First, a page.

The smart city movement’s first wave brought tons of stationary sensors to our cities, especially in the context of transportation. These sensors are passively collecting valuable travel pattern information at traffic lights, parking lots, bus stops, sidewalks, and more. But if we want cities that are truly smart – if we want to solve the challenges exposed by our stationary sensors – we have to go beyond them. In this blog post, I will use New York City as a case study to explain why.
For even the most seasoned consulting firms, winning a government contract through competitive bid is no cakewalk. However, there are ways to make your proposals rise to the top – and today, StreetLight Data is introducing a new way to differentiate with StreetLight InSight®, our easy-to-use online platform for turning Big Data into transportation Metrics. Our new Consultant Subscription allows consultants to customize, visualize and download Metrics derived from Massive Mobile Data in ways designed to help grow their businesses. Keep reading this blog post for all the details.
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Two of the questions we’re often asked here at StreetLight Data are: “What percentage of the population is creating the location records in your sample?" and "Does the location data in your sample fairly represent all income groups, or is it biased?” In this blog post, we’re pulling back the curtain on our internal evaluation process with a deep-dive analysis of our newest data source: Location-Based Services data. We started using this data source chiefly because of its large sample size and representativeness, so in this blog post, I will show you our process for determining these characteristics. (Click here to read more about Location-Based Services data in general.)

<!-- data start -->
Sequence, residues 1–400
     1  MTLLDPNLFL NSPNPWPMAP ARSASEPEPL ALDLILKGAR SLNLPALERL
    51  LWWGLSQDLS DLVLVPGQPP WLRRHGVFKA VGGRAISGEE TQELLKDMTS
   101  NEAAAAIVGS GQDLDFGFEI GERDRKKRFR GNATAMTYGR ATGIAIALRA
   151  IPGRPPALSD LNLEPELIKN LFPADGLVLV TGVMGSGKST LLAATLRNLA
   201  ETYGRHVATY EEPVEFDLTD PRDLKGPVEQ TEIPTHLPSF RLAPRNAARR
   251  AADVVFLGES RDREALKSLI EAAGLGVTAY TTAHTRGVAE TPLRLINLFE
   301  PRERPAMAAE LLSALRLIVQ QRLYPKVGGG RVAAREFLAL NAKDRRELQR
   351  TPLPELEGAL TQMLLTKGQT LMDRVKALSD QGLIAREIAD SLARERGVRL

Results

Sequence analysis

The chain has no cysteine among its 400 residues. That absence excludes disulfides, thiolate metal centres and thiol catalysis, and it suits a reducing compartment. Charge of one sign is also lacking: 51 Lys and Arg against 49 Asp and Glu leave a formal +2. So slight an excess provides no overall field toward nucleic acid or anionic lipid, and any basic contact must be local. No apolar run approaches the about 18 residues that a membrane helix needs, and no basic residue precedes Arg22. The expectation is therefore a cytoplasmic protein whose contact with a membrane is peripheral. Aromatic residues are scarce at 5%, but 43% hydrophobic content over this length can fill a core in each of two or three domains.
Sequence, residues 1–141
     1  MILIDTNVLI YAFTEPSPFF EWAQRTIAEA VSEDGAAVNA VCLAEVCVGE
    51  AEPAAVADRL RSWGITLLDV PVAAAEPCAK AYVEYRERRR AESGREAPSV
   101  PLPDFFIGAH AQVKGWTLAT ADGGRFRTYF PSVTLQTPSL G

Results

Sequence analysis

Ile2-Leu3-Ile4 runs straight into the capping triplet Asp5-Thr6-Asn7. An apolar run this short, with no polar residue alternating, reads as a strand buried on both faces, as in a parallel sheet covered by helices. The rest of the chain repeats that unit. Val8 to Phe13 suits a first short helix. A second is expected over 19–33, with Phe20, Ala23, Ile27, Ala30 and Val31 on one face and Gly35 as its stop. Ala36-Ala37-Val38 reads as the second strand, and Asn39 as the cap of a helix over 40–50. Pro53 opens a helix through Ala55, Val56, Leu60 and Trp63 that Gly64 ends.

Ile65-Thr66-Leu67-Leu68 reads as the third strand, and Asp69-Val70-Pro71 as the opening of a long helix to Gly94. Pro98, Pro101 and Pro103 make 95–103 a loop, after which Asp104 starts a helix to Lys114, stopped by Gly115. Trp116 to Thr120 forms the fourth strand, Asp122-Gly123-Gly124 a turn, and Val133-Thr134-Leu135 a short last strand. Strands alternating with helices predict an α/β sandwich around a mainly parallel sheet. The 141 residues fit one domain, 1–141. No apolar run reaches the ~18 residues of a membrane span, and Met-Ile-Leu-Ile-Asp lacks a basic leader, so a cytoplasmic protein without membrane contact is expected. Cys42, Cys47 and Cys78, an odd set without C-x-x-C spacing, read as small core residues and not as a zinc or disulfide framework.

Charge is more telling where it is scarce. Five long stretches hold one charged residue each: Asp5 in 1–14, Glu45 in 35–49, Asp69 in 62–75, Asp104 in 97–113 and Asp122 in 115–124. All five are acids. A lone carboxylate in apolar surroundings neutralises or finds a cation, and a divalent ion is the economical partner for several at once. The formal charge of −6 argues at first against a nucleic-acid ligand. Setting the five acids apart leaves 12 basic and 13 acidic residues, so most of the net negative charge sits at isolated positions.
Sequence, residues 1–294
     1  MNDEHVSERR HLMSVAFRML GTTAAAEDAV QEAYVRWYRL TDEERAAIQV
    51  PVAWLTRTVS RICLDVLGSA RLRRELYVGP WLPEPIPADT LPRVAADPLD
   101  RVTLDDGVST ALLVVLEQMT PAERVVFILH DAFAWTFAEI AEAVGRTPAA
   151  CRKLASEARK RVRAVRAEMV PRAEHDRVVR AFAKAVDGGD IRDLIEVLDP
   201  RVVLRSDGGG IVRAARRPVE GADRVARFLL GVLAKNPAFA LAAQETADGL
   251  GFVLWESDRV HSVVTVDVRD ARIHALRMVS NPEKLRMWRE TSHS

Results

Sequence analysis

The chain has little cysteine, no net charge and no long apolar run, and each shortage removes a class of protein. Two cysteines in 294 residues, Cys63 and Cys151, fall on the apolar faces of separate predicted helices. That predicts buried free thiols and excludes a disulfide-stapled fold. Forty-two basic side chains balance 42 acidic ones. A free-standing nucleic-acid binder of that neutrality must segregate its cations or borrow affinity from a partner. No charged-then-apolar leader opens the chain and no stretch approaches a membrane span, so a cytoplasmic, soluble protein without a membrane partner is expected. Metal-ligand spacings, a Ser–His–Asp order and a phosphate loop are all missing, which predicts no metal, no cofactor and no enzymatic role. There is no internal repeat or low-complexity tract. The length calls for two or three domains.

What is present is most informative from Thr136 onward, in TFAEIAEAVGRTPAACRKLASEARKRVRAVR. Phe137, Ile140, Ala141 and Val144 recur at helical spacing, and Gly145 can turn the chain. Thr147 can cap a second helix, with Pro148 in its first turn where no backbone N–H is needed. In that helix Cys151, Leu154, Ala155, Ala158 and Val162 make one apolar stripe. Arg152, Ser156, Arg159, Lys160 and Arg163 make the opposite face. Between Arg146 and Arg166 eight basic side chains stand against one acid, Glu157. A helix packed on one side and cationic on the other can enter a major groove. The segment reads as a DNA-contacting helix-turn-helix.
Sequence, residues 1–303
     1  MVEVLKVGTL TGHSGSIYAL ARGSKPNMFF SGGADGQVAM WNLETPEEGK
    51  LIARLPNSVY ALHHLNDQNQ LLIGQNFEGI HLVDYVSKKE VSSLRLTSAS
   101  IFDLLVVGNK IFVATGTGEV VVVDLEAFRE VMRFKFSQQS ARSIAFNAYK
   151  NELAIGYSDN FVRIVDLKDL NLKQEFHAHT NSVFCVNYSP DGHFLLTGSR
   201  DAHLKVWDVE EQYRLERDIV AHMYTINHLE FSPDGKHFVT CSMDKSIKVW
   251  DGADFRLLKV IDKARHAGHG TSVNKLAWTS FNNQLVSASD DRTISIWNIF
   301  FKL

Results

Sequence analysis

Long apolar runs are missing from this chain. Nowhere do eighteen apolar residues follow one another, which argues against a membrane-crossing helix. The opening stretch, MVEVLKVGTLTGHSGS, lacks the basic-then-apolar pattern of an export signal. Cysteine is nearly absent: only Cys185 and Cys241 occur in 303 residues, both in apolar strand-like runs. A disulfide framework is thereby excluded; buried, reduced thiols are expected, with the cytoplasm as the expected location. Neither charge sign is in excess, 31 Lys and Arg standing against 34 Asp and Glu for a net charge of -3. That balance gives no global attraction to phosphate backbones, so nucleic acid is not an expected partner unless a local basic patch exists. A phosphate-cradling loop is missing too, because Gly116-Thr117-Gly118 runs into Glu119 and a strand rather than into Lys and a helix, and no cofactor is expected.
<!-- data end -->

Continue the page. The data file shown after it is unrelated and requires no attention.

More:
I’m excited to share that we updated StreetLight InSight® again this week – and it’s an update that I’ve been eagerly anticipating for quite a long time. Beginning now, our clients can access Metrics derived from our new Location-Based Services data source directly from our StreetLight InSight web app – that’s our one-stop, cloud-based platform for the best Big Data resources and the processing software that makes them useful. So, why am I so excited about this? It means some of our most popular Metrics are even more comprehensive and accurate than before. That’s because our device sample size now represents about 10% of the U.S. population. We’re processing roughly 60 billion location data points into travel pattern analytics every month – and counting!
Since Donald Trump's election on November 8th, 2016, we’ve noticed a major uptick in complaints about traffic in his Manhattan neighborhood. That’s no small feat, especially given that New Yorkers are known for complaining about traffic – just ask Jerry Seinfeld. (For the record, we complain about traffic a ton in San Francisco, too.) However, we hesitate to use subjective grumbling to measure the impact of events. Thanks in part to cognitive biases, people have a tendency to exaggerate traffic and other negative events. Since we were curious about exactly how much travel patterns changed in New York after the election, we decided to use Big Data to crunch the numbers ourselves. (Note: Our study originally appeared in USA Today. Click here to read the article.)
At last week’s Transportation Research Board Annual Meeting, I attended an excellent panel discussion about transportation data. Towards the end of the panel, the moderator challenged the group with a somewhat loaded question. I don’t recall the exact phrasing, but it was along these lines: “As transportation professionals, we know that we have a huge amount of work to do to upgrade, maintain, and repair our infrastructure. The backlog of projects that we have not yet begun is overwhelming. Given our clear mandate - and the often politicized process of infrastructure investments - does all this new data actually impact our decisions in the real world?” It’s an important question to ask - but based on audience feedback and in my own opinion, the answer is clearly yes.